United Kingdom Parliament: Digital, Culture, Media and Sport Committee
Impact of Covid-19 on the Heritage Sector
1 Status and Relevant Experience of the Organisation Submitting Evidence
1.1 Cambridgeshire’s County Advisory Group on Archives and Local Studies is a voluntary group, which continues work previously undertaken by a long-established, County Council-convened advisory group. The Group provides a forum for those who share an interest in the preservation and use of the documentary heritage of Cambridgeshire (including the historic county of Huntingdonshire). These ‘stakeholders’ include creators, depositors, custodians and users of collections. The Group’s aims are to be the main point of reference for consultation and advice on matters relating to archives and local studies in the county, to provide advocacy and publicity for archives and local studies collections and services: their collection, preservation and use, and to exchange information between all stakeholders in order to stimulate and improve both individual activity and partnership working.
1.2 Membership includes representatives of the county and district councils, of museums in the county and of user groups, as well as interested individuals.
1.3 Archives services in the county are provided mainly by Cambridgeshire County Council’s Archives Service, which operates research areas and archives storage accommodation at both Ely, where a long-awaited national-standard building has recently been opened, enabling the transfer of the service from the increasingly unacceptable accommodation at Shire Hall Cambridge, and within the public library at Huntingdon (where pride in pre-1974 Huntingdonshire’s past remains strong). Archives are also held by a number of local museums within the county, including Wisbech Museum. County voluntary societies represented on the Committee include the long-established Cambridge Antiquarian Society and the Cambridgeshire Association for Local History who between them represent interests from the scholarly to the most general, and Cambridgeshire Family History Society who have over more than 20 years been active in support of the county service by funding the acquisition and preservation of archives.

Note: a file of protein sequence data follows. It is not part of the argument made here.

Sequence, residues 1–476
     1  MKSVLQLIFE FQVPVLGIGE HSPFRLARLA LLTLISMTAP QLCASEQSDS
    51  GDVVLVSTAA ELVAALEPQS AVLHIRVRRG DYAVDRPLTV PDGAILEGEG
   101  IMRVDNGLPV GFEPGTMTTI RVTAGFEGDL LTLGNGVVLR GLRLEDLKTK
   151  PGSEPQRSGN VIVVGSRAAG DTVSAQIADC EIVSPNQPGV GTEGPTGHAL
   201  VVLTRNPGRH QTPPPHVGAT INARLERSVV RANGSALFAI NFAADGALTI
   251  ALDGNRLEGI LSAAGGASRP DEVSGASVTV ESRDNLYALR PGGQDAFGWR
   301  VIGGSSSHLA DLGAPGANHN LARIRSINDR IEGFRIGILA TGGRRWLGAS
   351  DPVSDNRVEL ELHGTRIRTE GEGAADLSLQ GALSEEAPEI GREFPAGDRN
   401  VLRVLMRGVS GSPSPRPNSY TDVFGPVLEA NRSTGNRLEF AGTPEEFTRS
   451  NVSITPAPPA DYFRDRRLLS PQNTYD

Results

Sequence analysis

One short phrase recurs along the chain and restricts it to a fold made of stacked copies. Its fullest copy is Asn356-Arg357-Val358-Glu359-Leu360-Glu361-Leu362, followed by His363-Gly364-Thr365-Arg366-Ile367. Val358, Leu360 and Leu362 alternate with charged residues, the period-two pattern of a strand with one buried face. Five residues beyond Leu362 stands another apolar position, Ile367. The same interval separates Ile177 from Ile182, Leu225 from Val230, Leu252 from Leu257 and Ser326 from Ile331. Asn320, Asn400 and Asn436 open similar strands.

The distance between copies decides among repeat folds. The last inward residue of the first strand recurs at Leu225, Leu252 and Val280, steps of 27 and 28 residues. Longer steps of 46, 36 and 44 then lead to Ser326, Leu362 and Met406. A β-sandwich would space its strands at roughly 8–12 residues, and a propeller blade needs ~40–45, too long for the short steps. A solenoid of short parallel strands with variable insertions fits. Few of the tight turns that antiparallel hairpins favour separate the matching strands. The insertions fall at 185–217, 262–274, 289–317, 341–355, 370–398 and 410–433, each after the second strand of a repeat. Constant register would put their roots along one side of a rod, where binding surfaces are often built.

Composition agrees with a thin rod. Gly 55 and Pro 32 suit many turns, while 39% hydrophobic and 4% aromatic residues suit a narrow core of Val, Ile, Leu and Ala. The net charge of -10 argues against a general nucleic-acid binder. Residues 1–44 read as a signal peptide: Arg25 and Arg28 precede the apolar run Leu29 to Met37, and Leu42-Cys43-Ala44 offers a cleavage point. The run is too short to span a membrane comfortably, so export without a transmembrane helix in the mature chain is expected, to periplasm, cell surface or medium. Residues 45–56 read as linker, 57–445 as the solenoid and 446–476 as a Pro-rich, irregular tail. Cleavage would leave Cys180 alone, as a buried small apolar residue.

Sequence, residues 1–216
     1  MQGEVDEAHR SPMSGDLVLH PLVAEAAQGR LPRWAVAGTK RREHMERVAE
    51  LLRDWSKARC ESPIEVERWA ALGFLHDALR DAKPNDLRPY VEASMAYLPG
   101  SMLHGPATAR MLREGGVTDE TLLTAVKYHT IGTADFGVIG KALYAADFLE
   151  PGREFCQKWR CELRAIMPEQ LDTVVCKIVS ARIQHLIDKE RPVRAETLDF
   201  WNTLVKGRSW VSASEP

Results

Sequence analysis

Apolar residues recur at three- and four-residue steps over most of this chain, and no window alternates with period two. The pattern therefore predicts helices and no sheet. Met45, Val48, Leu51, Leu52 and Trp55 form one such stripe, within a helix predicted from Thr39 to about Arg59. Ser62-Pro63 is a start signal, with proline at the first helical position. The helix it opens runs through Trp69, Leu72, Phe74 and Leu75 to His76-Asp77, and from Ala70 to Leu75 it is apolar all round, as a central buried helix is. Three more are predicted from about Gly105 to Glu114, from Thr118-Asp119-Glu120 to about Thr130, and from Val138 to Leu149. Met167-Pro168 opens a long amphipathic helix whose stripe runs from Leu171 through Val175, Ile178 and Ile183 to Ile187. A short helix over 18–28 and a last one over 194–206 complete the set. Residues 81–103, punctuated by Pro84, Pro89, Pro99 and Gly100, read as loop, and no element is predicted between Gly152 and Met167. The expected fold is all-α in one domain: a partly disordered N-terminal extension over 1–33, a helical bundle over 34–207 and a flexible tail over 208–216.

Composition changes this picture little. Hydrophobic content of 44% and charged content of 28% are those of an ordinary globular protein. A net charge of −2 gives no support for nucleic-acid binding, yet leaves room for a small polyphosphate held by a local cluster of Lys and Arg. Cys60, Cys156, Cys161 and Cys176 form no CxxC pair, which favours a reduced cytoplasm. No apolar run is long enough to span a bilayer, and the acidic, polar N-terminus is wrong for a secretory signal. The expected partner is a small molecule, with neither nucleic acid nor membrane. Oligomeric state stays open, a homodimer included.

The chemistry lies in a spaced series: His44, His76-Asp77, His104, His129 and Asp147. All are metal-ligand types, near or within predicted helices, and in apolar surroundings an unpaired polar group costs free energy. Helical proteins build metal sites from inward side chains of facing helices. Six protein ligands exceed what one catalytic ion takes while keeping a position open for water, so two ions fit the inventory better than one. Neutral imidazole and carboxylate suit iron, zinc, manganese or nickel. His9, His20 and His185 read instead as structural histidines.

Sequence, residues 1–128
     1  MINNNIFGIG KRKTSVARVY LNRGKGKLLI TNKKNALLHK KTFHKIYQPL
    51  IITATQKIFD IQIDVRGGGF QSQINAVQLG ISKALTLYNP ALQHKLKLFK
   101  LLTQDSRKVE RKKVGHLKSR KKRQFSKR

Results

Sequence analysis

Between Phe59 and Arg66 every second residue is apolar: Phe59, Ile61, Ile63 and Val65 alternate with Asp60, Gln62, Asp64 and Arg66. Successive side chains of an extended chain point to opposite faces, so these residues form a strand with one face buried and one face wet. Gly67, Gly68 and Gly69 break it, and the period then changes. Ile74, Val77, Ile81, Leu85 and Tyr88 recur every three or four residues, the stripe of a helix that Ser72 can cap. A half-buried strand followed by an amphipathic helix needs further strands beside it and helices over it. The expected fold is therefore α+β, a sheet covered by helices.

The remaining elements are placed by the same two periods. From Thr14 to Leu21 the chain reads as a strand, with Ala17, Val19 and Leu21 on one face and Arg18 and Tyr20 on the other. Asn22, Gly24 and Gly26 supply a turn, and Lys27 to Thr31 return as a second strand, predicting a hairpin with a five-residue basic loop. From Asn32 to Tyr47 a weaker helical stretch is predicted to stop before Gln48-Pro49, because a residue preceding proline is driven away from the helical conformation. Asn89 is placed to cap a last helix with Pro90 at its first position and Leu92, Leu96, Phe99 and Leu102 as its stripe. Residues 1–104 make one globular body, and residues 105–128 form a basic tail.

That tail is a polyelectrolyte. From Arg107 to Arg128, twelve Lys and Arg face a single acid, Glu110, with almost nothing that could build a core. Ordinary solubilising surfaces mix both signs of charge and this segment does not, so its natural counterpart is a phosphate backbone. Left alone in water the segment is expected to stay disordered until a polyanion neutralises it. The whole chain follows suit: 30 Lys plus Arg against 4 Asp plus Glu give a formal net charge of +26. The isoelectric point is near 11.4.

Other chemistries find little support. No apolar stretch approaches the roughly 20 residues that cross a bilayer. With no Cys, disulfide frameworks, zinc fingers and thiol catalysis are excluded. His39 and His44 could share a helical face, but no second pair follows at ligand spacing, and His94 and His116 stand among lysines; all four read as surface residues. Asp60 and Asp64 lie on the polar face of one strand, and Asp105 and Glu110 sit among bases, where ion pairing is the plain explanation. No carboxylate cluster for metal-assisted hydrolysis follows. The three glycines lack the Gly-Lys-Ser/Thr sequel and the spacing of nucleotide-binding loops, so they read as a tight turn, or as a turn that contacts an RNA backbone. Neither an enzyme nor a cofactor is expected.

1.4 We are concerned for the future of effective archives services within the county and also for the preservation of a record of the impact of Covid-19 and its mitigation.
2 Specific questions on which the Committee has called for evidence
2.1 What has been the immediate impact of Covid-19 on the sector?
2.1.1 The immediate impact has been in the loss of income resulting from closure to the public. For museums, this constitutes a significant part of their budget. For the main provider, Cambridgeshire Archives, it is a less significant proportion, but nonetheless matters greatly to a service which is anyway low-funded.
2.1.2 Whilst other heritage organisations have been able to provide additional on-line services to users by use of staff prevented from working in their buildings and in public-facing operations, this has not been possible for the small services within museums. Work on archives requires access to the buildings and archives, at present of course denied save for security checks. Whilst a few of the staff of the County Council service have been able to work from home to provide some social media contact and on editing and related tasks, others have been transferred to the corporate Social Care operations whose work is of course of community benefit, but does not help improve the archives service.
2.2 How effectively has the support provided by DCMS, other Government departments and arms-length bodies addressed the sector’s needs?
2.2.1 The National Archives has continued, through its excellent on-line service, to provide advice both to local authority and to private and voluntary organisations, both in general (important for home-working on projects) and specifically, especially about the steps towards return to more normal operations. We are not aware however of any specific grant aid available, and funding remains a basic concern.
2.3 What will the likely long-term impacts of Covid-19 be on the sector, and what support is needed to deal with those?
2.3.1 It is very difficult at present to quantify the impact either of the closure period or of the inevitable changes in the wider economy. All of the smaller museums who hold archives rely very greatly on support from the general public in their locality, upon whom very many other charitable demands will inevitably fall. In addition, the ‘habit’ of using those services will be lost, but diminishing revenue will make it hard to run the necessary campaigns to re-establish it. Those organisations who are still in receipt of local authority support after the decline over the past years in local authority budgets will necessarily be anxious that pressure on those authorities will lead to further grant withdrawal.